Meanwhile, PLEASE keep building housing with no parking for those who don’t want to drive.

        • WestSeattle92 May 22, 2018 (8:49 pm)

          Fundamental – on my street, three-foot clearance on either
          side of my driveway doesn’t work.  I
          simply can’t get in or out of my driveway.  
          I’ve tried.   And I don’t drive a
          large car or SUV.   Love the idea of
          extra street parking but if the rules change regarding driveway clearance, I
          will simply have to park my two cars on the street rather than using my garage
          and driveway like I do now.  

  • M May 21, 2018 (7:51 pm)

    Is that just the dog grooming building of Stella Ruffingtons being redeveloped. Or is the boarding part of the business going as well? 

    • WSB May 21, 2018 (8:17 pm)

      Don’t know.

    • Rwd May 21, 2018 (10:54 pm)

      Sure hope so that place is a nightmare.

      • Lisa May 29, 2018 (4:31 pm)

        How are we a nightmare? This business has been operating for 12 years. The people in the daycare/boarding facility do their best to keep the dog’s quiet. I’m the groomer in the building being redeveloped. I will miss serving this community. I think the plan is for this entire block to be redeveloped. Looks like I’m just the first to go. No idea what I’ll do since I’ve been bringing my child to work for the past year and a half and can’t afford daycare If I decide to have another.It’s really been a pleasure working in and serving this community. I’ve made lots of great friends, not just clients and dogs. I travel from Ballard to work here but I guess I’ll have to relocate closer to home. Maybe I’ll do House call grooming so any clients that like me can keep me. Ah, well. 

  • TiredofGovernmentGreed May 21, 2018 (8:10 pm)

    I agree with the comments about ignoring the reality of cars and how these will end up crammed onto neighborhood streets as developers profit.  I will add another thought:  as the city government pushes their high density, “affordable” housing, how are they insuring that our antiquated water, sewer, and electrical infrastructure is being modernized and upgraded to handle more population in the same city area?  Once again an example of shockingly poor urban planning.

    • fundamental May 21, 2018 (8:45 pm)

      I agree, I am hoping that they put forth new taxes to fund the improvements you suggested.  Having antiquated services is NOT a good idea.  Hopefully they’ll have a homeowner or sales or maybe even push through (finally!) an income tax to fund these measures.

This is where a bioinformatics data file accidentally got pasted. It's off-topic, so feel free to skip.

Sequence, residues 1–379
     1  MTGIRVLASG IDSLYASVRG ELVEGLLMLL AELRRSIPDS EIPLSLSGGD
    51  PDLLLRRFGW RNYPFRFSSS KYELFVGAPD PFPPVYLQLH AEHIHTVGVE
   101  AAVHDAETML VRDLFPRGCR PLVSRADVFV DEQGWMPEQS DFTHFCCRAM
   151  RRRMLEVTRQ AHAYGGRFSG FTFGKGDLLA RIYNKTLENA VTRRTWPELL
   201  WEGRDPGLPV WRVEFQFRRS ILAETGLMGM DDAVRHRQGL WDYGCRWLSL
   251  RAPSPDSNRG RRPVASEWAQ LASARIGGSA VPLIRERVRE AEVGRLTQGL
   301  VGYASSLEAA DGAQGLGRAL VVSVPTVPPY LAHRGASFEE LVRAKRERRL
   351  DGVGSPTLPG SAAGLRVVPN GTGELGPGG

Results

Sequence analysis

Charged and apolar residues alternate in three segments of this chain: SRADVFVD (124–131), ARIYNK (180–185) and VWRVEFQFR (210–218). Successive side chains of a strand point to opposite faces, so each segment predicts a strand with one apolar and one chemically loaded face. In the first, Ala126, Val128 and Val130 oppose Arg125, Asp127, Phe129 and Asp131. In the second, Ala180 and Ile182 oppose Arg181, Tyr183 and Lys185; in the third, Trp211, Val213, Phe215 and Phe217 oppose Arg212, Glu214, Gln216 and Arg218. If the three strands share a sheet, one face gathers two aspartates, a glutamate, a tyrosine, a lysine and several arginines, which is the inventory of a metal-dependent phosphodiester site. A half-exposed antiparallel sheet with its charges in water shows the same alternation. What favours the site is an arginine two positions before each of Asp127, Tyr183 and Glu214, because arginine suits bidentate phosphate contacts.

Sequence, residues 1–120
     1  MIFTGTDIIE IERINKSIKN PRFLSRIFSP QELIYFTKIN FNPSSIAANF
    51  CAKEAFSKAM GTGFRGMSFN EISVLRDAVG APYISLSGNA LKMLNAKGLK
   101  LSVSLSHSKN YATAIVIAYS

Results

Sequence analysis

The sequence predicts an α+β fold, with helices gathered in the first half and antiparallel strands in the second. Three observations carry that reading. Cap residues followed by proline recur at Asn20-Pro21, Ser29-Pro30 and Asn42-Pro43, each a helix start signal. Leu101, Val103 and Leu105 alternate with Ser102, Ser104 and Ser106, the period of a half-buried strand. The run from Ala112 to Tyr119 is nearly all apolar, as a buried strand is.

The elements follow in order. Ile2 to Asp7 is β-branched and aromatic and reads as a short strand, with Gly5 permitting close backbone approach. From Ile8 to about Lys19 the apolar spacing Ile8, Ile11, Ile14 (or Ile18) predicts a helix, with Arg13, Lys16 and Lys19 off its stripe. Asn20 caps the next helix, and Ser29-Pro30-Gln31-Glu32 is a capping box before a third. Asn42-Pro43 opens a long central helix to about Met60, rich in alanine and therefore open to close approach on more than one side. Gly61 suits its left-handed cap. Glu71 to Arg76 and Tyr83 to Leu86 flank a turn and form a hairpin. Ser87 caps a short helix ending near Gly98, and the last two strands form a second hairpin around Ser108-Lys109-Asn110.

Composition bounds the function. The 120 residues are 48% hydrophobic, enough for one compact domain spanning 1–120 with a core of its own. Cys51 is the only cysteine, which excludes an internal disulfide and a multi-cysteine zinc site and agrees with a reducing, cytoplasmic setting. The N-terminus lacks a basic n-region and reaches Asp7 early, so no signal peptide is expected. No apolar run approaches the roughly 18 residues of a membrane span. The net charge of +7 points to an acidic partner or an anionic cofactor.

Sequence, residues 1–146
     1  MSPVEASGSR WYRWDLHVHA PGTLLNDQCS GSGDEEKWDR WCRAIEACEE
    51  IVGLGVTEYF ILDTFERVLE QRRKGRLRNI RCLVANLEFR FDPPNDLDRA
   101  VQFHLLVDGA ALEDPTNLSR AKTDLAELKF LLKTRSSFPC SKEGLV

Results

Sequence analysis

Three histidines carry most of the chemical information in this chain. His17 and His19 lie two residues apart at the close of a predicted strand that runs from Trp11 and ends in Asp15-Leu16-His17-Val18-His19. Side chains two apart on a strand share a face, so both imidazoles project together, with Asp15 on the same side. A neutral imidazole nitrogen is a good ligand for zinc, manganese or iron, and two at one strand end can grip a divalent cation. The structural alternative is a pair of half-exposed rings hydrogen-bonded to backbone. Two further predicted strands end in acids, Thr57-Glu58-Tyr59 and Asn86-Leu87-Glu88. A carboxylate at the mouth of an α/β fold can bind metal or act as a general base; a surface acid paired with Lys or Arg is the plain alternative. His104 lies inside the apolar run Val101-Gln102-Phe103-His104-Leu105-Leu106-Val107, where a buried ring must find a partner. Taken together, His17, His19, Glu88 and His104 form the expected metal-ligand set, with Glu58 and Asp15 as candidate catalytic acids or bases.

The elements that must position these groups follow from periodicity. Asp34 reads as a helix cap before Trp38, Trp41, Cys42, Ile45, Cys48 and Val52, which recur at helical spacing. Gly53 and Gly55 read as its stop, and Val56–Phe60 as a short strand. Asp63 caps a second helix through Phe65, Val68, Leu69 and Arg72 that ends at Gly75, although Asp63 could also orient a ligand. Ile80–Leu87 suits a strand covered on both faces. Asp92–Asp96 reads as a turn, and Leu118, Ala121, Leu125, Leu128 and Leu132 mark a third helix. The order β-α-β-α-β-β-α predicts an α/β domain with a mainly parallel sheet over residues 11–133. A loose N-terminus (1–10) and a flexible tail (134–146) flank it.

Fully agree that it’s poor urban planning and it should all be fixed–thanks for calling it out!

      • Jethro Marx May 21, 2018 (9:27 pm)

        It’s fundamental that saying $#*! don’t make it so; you have taken tiredofgovernmentgreed’s bizarre rhetorical twist and run with it, but the infrastructure you speak of is not antiquated, by and large. Parts of it, yes, but it is upgraded and maintained in the same fashion as any large system must be, and sometimes the city gets developers to foot the bill.

         I’m tired of greed too, but I have learned to live with it in a way that I will never apply to nonsensical public discourse. Make better arguments- they’re not hard to find.

      • M May 22, 2018 (5:33 am)

        Each of these units will have to pay a water capacity tax to the county. 

        • carole May 22, 2018 (9:35 am)

          And if you are buying a condo or townhouse the developer can pass the sewer capacity charge on to the buyers, payable over 15+ years.  It won’t show up as a lien on property in a title  report because city laws don’t require the developer to record the debt. Apparently that $10-15 recording cost would impinge on profit.  And cost the buyer upwards of $1000.  Keep that in mind when making a purchase offer.

          • Serious? May 22, 2018 (10:11 am)

            Carole,

            The capacity charge does show up on closing papers.  Your realtor also has responsibility to make the buyer aware of this.

            And as a developer, I have paid this off which amounts to nearly $10,000 on a single family house. 

            The capacity charge is another example of charges faced by developers to upgrade infrastructure that few people are aware of.

          • carole May 22, 2018 (11:10 am)

            It did not show up on mine (I just looked again at my documents) and our seller was the developer who did not disclose it.  Ditto other first time buyers in our bldg.  We of course disclosed on resale documents. We only learned of the debt a few years into ownership when the developer relinquished control to an elected owners’ board. No original buyers knew we had assumed such an obligation.

          • Serious? May 22, 2018 (12:09 pm)

            CAROLE,

            I am sorry to hear your tale.

            But, some of your claims makes no sense. 

            “We only learned of the debt a few years into ownership when the developer relinquished control to an elected owners’ board. ”  This means that the developer was paying the fees for all of the owners for several years you mention.  

            And the developer paying off the $1,000 per unit for years would be far more expensive than the $10 – 15  recording fee… does not make sense.

            It indicates that the developer retained an interest in the building after selling which also does not make sense.  

            It also indicates that you did not have representation when you purchased.